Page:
I also think that the ATF needs to start doing compliance checks on dealers on a regular basis. They’re legally limited to once a year by the 1986 FOPA unless they’ve found previous non-compliance, so they should be doing those checks on every dealer every year. But the ATF has been hamstrung by the NRA, who lobbied for and backdoored a bit of legislation into the 2006 Patriot Act reauthorization that requires Senatorial confirmation of all future ATF directors. And then they’ve lobbied senators to block nearly every nominee since. For 7 years it had acting directors only, then there was a one and a half year period where one of the acting directors was confirmed, but as of March 2015 he’s resigned and we’re now back to acting directors again for who knows how long. There’s also the fact that the NRA has been attempting, and largely succeeding, at blocking government-funded gun violence research beyond basic crime statistics. Needless to say, I don’t like the NRA. I want research done, and I want permanent ATF directors, and I don’t think that any and all gun laws are the end of the world. And if research is being done, I’d rather have it be done by the government, who should be an impartial observer, as opposed to either the NRA or somewhere like the Brady Center, who both have their own agendas on opposite extremes of the spectrum.
I’ve said it before and I’ll say it again - I don’t like people who want to legislate based on looks alone. I’ll have a discussion, and I’ll listen to people’s viewpoints so I can make informed counter-arguments. When their viewpoint can basically be summed up as “it looks scary, so I don’t like it” I’ll try to illustrate the differences between form and function. But when they fail to see past the similar forms to see the dissimilar functions, and ignore evidence to the contrary of their belief that form equals function, that’s when I’ll throw my hands up and walk away. Because at that point they’re usually ignoring the fact that the law is already doing the things they say they want done, like banning automatic weapons, and they’re focusing only on looks. We had a law like that for 10 years, 1994-2004, called the Federal Assault Weapons Ban. They created a term(assault weapon) specifically to confuse the issue and refer to guns that looked similar to assault rifles but weren’t, and banned them if their form met certain criteria while completely ignoring function. The end result? A change so small as to be a statistical anomaly, because those types of weapons are used in crime so rarely that it wouldn’t matter either way. Well, that and getting people to think things that aren’t assault rifles actually are assault rifles because they’ve been called “assault weapons” by law, and who cares about what terminology we use, amirite?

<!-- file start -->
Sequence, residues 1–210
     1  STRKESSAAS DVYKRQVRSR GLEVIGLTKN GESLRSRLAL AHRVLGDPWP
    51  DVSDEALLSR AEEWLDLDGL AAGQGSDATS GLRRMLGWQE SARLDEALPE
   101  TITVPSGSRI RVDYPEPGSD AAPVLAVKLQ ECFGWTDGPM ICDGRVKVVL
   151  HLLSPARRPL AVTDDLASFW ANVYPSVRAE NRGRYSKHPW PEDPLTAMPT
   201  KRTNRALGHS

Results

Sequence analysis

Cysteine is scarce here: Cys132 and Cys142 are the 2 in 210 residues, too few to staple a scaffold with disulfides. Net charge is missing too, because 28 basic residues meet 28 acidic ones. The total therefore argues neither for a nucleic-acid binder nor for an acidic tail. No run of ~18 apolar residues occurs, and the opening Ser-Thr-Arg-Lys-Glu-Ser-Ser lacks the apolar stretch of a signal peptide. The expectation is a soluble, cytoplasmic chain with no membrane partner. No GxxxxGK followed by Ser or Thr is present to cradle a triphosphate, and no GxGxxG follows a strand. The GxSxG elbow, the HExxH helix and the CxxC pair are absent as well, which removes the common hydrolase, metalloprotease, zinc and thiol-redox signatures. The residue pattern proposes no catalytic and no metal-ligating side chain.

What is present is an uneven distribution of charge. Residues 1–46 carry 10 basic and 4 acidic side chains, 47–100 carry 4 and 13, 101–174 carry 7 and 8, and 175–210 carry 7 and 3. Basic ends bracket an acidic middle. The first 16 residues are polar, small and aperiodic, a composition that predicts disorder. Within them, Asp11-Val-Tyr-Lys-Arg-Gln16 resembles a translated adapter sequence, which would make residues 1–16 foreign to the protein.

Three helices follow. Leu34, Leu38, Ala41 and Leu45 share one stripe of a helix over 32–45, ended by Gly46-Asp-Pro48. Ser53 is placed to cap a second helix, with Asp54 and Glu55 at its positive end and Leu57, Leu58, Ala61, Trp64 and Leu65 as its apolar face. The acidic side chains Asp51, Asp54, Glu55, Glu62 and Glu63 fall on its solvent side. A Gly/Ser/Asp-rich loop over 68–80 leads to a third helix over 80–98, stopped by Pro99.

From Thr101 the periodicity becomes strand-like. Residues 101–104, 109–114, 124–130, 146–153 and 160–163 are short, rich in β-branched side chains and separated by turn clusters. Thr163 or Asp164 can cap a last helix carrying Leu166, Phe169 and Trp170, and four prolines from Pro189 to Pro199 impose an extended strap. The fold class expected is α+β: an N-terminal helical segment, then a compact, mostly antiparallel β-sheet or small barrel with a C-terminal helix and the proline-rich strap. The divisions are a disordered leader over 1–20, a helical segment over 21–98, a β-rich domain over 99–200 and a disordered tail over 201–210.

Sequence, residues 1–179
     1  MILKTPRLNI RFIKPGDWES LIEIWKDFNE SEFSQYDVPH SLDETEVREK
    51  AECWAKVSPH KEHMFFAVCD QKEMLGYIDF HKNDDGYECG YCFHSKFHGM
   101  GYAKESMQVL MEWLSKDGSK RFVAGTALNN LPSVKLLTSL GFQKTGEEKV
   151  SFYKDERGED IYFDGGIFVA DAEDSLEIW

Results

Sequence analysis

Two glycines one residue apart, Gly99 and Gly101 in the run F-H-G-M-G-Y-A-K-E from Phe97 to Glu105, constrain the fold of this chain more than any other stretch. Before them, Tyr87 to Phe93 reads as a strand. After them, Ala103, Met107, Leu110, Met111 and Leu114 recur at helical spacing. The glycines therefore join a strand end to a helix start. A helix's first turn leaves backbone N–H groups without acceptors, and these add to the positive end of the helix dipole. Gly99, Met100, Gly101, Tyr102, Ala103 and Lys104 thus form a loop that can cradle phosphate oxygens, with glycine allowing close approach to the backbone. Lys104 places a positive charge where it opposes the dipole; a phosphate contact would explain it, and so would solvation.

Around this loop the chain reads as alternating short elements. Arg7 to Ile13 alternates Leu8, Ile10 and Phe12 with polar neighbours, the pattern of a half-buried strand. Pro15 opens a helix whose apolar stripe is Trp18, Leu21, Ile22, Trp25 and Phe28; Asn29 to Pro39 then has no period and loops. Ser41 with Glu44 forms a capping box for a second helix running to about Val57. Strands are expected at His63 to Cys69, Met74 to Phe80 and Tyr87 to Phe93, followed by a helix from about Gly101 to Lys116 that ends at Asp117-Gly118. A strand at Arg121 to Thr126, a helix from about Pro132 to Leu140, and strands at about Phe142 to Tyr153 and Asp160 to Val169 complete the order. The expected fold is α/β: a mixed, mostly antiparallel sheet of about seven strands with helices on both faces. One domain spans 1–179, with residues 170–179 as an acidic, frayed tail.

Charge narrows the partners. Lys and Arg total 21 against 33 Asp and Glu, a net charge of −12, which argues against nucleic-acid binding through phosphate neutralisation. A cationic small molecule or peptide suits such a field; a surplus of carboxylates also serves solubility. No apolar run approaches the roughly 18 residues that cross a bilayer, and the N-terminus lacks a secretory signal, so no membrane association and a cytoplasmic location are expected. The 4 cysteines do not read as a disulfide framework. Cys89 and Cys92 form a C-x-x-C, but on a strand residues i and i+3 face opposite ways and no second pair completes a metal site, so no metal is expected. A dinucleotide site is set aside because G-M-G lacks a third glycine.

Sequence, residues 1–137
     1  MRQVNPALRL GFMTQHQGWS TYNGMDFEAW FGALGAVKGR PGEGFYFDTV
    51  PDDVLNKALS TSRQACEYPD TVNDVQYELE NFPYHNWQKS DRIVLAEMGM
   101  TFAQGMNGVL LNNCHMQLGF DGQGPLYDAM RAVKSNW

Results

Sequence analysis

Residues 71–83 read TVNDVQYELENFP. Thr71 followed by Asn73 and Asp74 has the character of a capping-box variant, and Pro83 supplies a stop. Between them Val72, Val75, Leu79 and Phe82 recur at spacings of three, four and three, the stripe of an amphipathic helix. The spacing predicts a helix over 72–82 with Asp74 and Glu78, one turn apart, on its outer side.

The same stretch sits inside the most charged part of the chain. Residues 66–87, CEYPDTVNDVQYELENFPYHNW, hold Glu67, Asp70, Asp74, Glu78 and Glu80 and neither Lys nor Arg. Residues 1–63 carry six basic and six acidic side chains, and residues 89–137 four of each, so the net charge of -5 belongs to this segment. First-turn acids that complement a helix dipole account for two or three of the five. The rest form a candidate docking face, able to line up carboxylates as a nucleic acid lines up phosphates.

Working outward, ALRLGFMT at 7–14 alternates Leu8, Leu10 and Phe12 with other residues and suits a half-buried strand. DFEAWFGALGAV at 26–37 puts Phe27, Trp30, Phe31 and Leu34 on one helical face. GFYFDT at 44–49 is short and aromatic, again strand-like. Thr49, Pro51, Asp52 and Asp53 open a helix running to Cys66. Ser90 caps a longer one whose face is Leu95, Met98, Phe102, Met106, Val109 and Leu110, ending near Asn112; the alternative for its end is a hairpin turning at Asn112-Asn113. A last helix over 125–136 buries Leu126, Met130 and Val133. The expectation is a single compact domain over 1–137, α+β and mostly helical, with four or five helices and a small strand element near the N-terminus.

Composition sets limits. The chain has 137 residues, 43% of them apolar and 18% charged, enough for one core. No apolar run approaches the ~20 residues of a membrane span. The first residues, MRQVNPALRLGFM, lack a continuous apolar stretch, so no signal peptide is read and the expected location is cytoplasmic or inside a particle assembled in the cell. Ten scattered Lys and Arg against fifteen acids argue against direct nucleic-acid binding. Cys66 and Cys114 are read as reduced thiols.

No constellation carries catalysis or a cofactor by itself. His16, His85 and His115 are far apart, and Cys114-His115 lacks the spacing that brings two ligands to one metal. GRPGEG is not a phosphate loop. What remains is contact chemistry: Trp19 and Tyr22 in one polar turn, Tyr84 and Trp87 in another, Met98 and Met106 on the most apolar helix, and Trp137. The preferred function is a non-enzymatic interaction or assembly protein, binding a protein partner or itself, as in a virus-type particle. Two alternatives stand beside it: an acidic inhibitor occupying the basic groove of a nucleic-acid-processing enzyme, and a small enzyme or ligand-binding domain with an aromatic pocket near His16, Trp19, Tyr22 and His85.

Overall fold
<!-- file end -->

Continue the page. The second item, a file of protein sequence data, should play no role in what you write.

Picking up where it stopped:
You want to make a real difference towards gun crime? Tighten restrictions on handguns. They’re used in the majority of gun crimes, while long guns such as rifles and shotguns of all types are used in something like a combined 15% of them.
I know, I’ve ranted. And it may seem like I’m some crazy gun nut. But I’m really not. I’m someone who enjoys bow hunting more than rifle hunting, and I dust off my guns and go to the target range once or twice a year for a day of shooting holes in targets taped to cardboard boxes or bits of plywood and that’s it. I’m just trying to point out that confusion exists about what is and isn’t currently allowed, and that a lot of what people think is allowed actually isn’t. To me, it’s along the same lines as this blog posting by Neil Gaiman about free speech and how you need to defend it even if you don’t agree with it. It’s not quite to that level, but it’s similar in my mind. If someone is allowed to ban something without actually knowing what they’re really banning, or to add more laws without knowing what existing laws cover, it’s a bad thing. It’s something that shouldn’t happen. And it’s my duty to at least attempt to educate people.
I certainly hope that I’m not coming off as screaming like a madman, or that I’m specifically yelling at one person or another in this thread.